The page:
Finally, there were two panel sessions at the conference – one on each day. I usually don’t like panels as they can get unfocused and soapbox-like, but the two panels here were great.
Conflict of interest declaration: I moderated one of the panels, which might skew my opinion a bit. ;]
The first panel dealt with Swift going open-source and what that might mean for cross-platform development and the community as a whole. There were predictions, good old speculation, and a discussion on how open-source Swift could affect regular app developers who might never contribute to the compiler or standard library directly.
The second panel was about Swift in production. The panelists had varying amounts of Swift code in production, and it was fascinating to hear about the range of where people were using Swift, how it worked with their build systems, and general tales of the migration away from Objective-C. I’d suggest checking out the video for this session along with Keith’s talk if you’re thinking about making the jump to Swift in production.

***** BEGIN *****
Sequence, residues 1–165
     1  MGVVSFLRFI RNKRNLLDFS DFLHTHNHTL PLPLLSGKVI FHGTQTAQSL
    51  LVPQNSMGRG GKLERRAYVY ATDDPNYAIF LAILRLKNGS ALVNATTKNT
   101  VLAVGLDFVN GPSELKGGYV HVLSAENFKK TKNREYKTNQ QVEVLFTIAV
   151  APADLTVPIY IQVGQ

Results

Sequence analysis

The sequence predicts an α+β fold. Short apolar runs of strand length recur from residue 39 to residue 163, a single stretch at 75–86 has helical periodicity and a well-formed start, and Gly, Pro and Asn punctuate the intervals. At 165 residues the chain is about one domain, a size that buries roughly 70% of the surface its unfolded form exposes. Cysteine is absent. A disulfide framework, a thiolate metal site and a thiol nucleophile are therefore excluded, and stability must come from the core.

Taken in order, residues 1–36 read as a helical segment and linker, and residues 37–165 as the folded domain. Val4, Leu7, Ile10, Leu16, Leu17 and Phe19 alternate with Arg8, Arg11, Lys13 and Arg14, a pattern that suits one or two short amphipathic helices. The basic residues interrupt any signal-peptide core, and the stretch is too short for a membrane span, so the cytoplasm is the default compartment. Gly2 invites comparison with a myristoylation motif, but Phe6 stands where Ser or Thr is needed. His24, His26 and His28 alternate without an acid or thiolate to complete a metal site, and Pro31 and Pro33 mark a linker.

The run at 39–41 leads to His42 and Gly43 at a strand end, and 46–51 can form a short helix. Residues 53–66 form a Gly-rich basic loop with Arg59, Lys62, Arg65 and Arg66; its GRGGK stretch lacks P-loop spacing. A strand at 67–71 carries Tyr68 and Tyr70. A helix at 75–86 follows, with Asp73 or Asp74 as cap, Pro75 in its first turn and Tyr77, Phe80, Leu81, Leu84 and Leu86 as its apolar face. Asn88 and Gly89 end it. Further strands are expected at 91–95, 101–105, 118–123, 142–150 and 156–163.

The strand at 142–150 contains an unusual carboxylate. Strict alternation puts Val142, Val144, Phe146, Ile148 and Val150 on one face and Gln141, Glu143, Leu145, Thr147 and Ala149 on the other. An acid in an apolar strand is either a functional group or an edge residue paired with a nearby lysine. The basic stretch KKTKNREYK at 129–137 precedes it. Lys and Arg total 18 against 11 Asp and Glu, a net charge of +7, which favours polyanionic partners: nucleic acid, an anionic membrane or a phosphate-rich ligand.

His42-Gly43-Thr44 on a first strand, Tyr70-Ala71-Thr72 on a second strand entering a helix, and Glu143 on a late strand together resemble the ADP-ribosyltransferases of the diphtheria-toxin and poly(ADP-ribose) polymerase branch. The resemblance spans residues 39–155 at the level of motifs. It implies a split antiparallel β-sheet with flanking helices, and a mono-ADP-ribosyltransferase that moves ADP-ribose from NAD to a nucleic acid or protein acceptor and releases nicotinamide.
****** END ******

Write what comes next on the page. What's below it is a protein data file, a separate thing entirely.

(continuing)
Where To Go From Here?
I had a great time at Swift Summit SF 2015 and enjoyed every minute, from the nervousness of giving a talk to meeting attendees to herding together the raywenderlich.com team members in attendance for a group selfie.
I missed the hands-on interactive nature of a conference like RWDevCon, but I especially enjoyed the single-track format, since this meant I could attend every talk and panel. As a programmer and total nerd, I also liked how the conference is Swift-specific and packed with technical content, in contrast to CocoaConf or 360iDev, where there are also business and design tracks.
If Swift is your thing and you want to dive into a wide variety of technical talks, I highly recommend checking out the videos and attending a future Swift Summit! I think you need at least some Swift experience before attending — the sessions didn’t cover the absolute basics of Swift.
iOS team member Scott Berrevoets had this to say about the overall experience:
Between watching all of the Swift Summit London videos and attending in San Francisco, I’m more excited than ever about coding in Swift and participating in the developer community.
Were you at Swift Summit too, or do you have any questions about the conference? Join the discussion in the forum comments below!